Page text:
James Gray MP with representatives from Google and The Countryside Alliance Foundation
James at The Springfields Academy
James with representatives of 1st The Queen's Dragoon Guards during a Welcome Home Event for 20th Armoured Brigade
James Gray MP welcoming representatives of 20th Armoured Brigade to Parliament
Whether we live in a town, a village, or in the deepest of rural idylls, all of us in this area feel as if we live in the countryside. We love the fields and hedgerow, the cows grazing peacefully; we shop as much as we can at the farm shop, support rural pubs and post offices, decry most development and cast a nostalgic eye at the hunt down Lacock High Street on Boxing Day. Very few of us are real country folk these days – but most of us would like to be.
Well we owe our countryside and landscape to farmers. More than that, we like to eat local produce; organic if we can afford it. We’re uneasy at chickens imported from Thailand, beef from Argentina, fruit and veg from Spain and beyond. We’re ready to sign the ‘food miles’ petition and support fair-trade chocolate bars; yet we do the bulk of our family shopping in the supermarket where ‘cheapest is best’ tends to be the rule, no matter where the food comes from nor how it was raised. Yet if we go on this way we risk sacrificing the very countryside which so many of us love.
Local farmers are quite rightly up in arms about yet another cut in the farmgate milk price. They get about 25 pence a litre, despite the estimated cost of production being 30pence. They can’t go on that way for very long. Many are already packing up shop and selling off their herds; others are rightly concerned about how they will persuade the younger generation to take over such a thankless task. All of that combined with the foul weather so far this summer means farmers locally are at the end of their collective tethers, as they have made plain to me at meetings in Wiltshire and in Westminster. It just can’t go on like this, and I have promised to do what I can to help.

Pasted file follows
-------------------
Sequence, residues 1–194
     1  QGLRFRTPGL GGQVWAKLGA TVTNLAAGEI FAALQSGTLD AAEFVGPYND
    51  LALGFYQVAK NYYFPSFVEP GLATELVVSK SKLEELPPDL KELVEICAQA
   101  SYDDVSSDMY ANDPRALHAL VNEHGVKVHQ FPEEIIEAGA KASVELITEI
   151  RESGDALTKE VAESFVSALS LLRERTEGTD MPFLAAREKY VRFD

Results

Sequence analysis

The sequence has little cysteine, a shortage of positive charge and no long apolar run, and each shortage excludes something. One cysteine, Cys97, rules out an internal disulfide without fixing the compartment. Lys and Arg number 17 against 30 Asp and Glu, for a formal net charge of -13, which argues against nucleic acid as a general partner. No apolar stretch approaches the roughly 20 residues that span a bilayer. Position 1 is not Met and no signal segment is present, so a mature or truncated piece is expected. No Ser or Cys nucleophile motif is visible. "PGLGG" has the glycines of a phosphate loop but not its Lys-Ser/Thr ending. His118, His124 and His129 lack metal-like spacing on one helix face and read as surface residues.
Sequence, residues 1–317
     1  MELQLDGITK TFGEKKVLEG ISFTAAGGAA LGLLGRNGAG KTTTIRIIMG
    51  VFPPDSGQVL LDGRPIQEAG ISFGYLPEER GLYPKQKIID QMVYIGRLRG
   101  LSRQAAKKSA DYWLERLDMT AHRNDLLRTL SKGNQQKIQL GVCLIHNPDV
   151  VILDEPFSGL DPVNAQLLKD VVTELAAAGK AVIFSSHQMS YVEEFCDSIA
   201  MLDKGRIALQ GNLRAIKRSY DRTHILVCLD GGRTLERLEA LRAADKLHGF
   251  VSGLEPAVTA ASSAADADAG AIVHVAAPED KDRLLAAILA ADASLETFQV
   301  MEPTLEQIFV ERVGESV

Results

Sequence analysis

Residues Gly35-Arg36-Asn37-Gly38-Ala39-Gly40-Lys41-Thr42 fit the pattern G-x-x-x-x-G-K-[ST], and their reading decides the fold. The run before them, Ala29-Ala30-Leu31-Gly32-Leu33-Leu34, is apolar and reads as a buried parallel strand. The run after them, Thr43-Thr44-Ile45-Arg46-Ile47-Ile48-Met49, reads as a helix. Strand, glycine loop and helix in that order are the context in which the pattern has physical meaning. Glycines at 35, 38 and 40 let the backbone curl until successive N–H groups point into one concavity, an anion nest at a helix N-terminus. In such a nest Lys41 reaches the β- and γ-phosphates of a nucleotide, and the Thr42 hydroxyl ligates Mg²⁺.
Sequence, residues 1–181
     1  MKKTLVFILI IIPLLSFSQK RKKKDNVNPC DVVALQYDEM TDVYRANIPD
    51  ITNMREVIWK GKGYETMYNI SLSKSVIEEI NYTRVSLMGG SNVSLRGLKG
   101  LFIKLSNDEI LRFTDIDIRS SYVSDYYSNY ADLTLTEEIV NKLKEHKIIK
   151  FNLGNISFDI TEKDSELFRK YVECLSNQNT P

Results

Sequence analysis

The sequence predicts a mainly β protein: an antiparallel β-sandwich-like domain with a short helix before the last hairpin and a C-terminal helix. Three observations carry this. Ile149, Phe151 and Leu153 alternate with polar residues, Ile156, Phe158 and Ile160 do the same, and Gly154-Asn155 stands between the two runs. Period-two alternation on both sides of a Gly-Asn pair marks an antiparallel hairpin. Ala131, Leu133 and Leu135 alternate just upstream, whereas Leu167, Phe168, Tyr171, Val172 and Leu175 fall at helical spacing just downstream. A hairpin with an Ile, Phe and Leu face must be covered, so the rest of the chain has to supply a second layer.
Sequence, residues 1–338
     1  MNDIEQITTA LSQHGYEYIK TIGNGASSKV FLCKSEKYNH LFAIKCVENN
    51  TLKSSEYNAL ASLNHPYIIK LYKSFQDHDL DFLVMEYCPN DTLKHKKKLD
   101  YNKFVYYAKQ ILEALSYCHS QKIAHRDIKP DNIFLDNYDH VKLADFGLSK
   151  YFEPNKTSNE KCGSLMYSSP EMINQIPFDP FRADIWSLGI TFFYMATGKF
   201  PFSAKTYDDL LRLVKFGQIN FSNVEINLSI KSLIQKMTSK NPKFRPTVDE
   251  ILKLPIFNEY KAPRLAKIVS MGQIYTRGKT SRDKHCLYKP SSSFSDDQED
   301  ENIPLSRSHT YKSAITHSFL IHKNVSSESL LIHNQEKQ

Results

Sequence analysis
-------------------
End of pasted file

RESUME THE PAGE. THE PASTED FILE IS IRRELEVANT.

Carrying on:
Lip-service to farming and to the wider environment gets us nowhere. I went to the Arctic last year and was struck by the absence of ice. That coupled with the rainforests disappearing at an alarming rate have shifted the jet stream southwards, drenching the UK in the wettest summer ever. That has a direct effect on farming and food prices, and could have dire consequences elsewhere.
I have always been a little sceptical about Global Warming or climate change, although support the precautionary principle – that we’ll look pretty foolish if we do nothing about it and it subsequently turns out to have been for real. But our experience this summer, my trip to the Arctic and my talks with local farmers increasingly convince me that we really are now experiencing Global climate change; and that we are mad to be doing so little about it.
If we care about our local landscapes we need prosperous local farmers; we will only get that if we support them in every way over their cheapskate competitors from overseas. If we care about our Globe and its future, then let’s use this summer’s drenching as a spur to environmental action.
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